control introduction of new individuals and potential infection. And so we’re doing that this summer, and we will continue that in the fall We will be using best practices in all of our service areas and points of sale in housing, dining, and other places, protecting people with screens and emphasis on contactless transactions We know that there will be students on campus who do become symptomatic or will be exposed to someone with the virus. So in each of our housing facilities, we have designated isolation and quarantine locations. And we are working very closely with the campus health center to continue to revise our protocols about we will daily, and the campus health center will help us with this, daily interact with the students to make sure they are supported while they stay in the quarantine spaces. We have already had a student this summer who just emerged from isolation this Wednesday after successfully completing her evaluation with the campus health center So lots of signage. And the other thing you’re hearing many schools doing is reducing occupancy in buildings. That is trying to work with physical distancing. With the benefit of the opening of Chadsworth suites this fall, which has been closed for renovation, we are adding 350 beds to capacity. We don’t expect to be full this fall. We believe by spreading out our vacancies, we can reduce capacities in each building, especially on the upper floors where the demand on elevators are greater, to help us minimize the overcrowding in the buildings and to support the social distancing pieces Related to dining and detail, each of our university business partners and our businesses working in leased spaces have created playbooks of how they are re-opening their businesses and how they will operate them using mitigation strategies consistent with all the recommendations. We are doing quality control on those to make sure that they are, in fact, following the best practices. What’s been great has been that our larger franchises, who have more robust, complicated playbooks, are sharing those best practices with some of our smaller businesses, so that everyone has the advantage of the best information Dining will look different this fall. We are going to allow some in-room dining. If students want to eat at the cafeterias. But We have reduced occupancy of the cafeterias. Students will wear masks when they get their food We have organized food distribution differently for fall In the towers cafe, gold n greens, and the student center food court We believe to-go programs will still be popular. We ran those extensively in March and April So those to-go meals will be available at all meal periods on residential dining program. And we’re adding an additional to-go program location in the student senter, to make it easier for students who have meal plans to carry away food from the different meals. And you can typically get more than one meal period at a time, if you want to pick up your breakfast for the next day while you’re at dinner, you can do that We’re moving as quickly as we can with technology to emphasize contactless transactions. So we’re looking at how the one card is used, how you access dining, and how you make purchases on the campus. We continue to evolve all of these while watching closely We did extend the contract cancellation deadline is normally June 30. We have extended that to July 20, which is after the June deadline Students are interested to know how their courses are going to be delivered, and that will help them make the decision whether to keep the current housing contract, sign up for a housing contract, or cancel the housing contract. So we’re trying to be as flexible as possible. We’re trying to communicate as much information to students so that they can make their best informed choices ≫ ROY: Thank you, Tim. Last is human resources with Corolyn ≫ CAROLYN: Thank you. Good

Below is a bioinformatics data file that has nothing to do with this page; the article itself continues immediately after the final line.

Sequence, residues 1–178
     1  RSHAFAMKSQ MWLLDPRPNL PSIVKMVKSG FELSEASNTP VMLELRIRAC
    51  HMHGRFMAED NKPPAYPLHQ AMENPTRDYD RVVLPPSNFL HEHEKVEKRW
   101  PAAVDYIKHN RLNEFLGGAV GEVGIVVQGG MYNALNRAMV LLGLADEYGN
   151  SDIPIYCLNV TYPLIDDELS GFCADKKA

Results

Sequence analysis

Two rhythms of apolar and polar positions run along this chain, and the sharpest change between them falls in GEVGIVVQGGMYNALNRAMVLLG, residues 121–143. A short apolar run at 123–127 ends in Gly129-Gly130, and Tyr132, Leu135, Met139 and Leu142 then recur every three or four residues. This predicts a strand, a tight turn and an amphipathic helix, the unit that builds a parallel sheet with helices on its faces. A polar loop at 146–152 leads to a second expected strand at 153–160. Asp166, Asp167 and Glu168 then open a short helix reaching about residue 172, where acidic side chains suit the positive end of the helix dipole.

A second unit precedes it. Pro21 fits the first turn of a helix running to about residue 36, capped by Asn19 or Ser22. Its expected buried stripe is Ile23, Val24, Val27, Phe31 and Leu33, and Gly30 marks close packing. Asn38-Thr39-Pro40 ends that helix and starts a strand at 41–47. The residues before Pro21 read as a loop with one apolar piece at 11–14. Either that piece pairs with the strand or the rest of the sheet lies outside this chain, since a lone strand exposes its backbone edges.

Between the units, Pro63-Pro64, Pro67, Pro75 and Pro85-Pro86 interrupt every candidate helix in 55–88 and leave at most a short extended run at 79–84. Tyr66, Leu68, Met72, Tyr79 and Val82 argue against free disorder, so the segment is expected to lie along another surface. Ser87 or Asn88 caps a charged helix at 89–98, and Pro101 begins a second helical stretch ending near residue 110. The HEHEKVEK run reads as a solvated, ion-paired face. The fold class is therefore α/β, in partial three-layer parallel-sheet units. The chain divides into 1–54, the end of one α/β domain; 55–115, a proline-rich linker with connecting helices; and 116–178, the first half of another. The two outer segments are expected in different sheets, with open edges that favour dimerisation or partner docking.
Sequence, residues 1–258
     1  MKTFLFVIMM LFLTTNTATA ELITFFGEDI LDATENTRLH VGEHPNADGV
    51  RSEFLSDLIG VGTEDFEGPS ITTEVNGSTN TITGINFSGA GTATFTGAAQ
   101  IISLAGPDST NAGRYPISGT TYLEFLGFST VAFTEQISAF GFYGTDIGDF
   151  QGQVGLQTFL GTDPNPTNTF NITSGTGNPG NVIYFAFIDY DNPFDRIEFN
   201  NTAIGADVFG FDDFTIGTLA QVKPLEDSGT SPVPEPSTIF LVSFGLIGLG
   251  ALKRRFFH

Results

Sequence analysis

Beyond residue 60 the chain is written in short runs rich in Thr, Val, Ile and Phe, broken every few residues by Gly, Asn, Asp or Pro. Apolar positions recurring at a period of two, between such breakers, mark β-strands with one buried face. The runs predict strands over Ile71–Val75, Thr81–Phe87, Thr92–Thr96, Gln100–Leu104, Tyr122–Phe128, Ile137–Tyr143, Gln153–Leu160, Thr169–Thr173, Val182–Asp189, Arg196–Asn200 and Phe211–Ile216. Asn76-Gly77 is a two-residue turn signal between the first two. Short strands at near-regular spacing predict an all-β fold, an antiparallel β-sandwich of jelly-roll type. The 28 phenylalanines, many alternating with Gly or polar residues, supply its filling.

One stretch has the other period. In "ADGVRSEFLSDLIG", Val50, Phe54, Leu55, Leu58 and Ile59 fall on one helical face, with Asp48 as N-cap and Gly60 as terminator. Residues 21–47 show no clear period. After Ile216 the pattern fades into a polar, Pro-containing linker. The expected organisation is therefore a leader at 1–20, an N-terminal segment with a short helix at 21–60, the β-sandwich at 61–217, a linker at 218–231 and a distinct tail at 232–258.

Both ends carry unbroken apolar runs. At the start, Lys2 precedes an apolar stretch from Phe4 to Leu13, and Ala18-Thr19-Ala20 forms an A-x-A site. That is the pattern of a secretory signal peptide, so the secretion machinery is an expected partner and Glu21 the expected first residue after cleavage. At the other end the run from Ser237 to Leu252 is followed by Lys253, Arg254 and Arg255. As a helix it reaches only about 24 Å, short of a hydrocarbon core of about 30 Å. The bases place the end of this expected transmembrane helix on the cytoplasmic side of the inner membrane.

afternoon, everybody. The HR restart subcommittee is another very large subcommittee made up of members from our faculty, including the academic Senate, staff and administration, and union representation from academic and non-academic unions. Our charge was to develop a phased approach for restarting limited , as-needed on-campus operations, to review our policies and procedures, to identify any new that may be needed as well as revise existing policies and procedures for our new normal And then also, like all of our other subcommittees, to help ensure a safe and efficient transition for all of our employees. We have eight work groups as you see listed there, but I will only highlight some of the work from four of them So first is our framework work group. This group has worked very closely with our training work group to develop the leader’s return to work guide and checklist, which I will talk a little bit more about under the training group. That will be coming out in the next week or so. We have a great first draft, and it’s really designed to help leaders develop their restart plans. But we are planning on four additional phases. The first phase was, of course , the research in our laboratories And then phases two through five really involve planning for restart, and then very slowly, about every three to four weeks, determining who needs to be on campus based on what work absolutely needs to be on campus Because we’re continuing to promote, as president Wilson said, remote work. But the return to work guide really lays it all out for our leaders and really puts all of that information in their hands The framework work group is also working on a Warrior Safe Campaign. I won’t go into all of it, but part of it is creating a very positive environ ment that is welcoming to those coming back to campus It also allows for a safe place for employees to submit complaints if they perceive that they are in an unsafe environment. We have collaborated with several areas to create a process that will allow employees to do that and for those complaints to be handled consistently and promptly Next is our policy work group. Members of this team had already developed flexible work arrangements to address teleworking and guidelines for supervisors as well as employees. But they have also issued a survey that closed two weeks ago to all employees on campus, leaders and staff, to help inform and provide us with feedback on their experience working remotely. And we’re going to use that information to help inform and refine not only the flexible work arrangement guidelines that we hope to make policy, but we have also reviewed all of our administrative policies and procedures. As you can see there, there’s a long list of sections within that manual that we believe will need to be revised or new policies will need to be incorporated to address our new normal as well as to address the myriad of regulatory requirements that have come out from the federal government related to things like FMLA and expanded FMLA and the CARES Act We are also in the process of reviewing our collective bargaining agreements to see how all of these new policies, procedures, and regulations might impact our union contracts as well as our represented employees. Next slide, please Then there’s our mighty training team This group has really been working hard and collaborating with many people on campus, particularly our public health subcommittee to develop the Warrior Safe training modules As dean Clabo said, everyone will be required to complete before returning to campus. They are also the team that has developed an additional group and brought in a number of our students who were not employed and have given them employment opportunities to help to evaluate the survey responses that I mentioned previously. We have received a 71% response rate. That is phenomenal for any survey, and people have been very vocal about their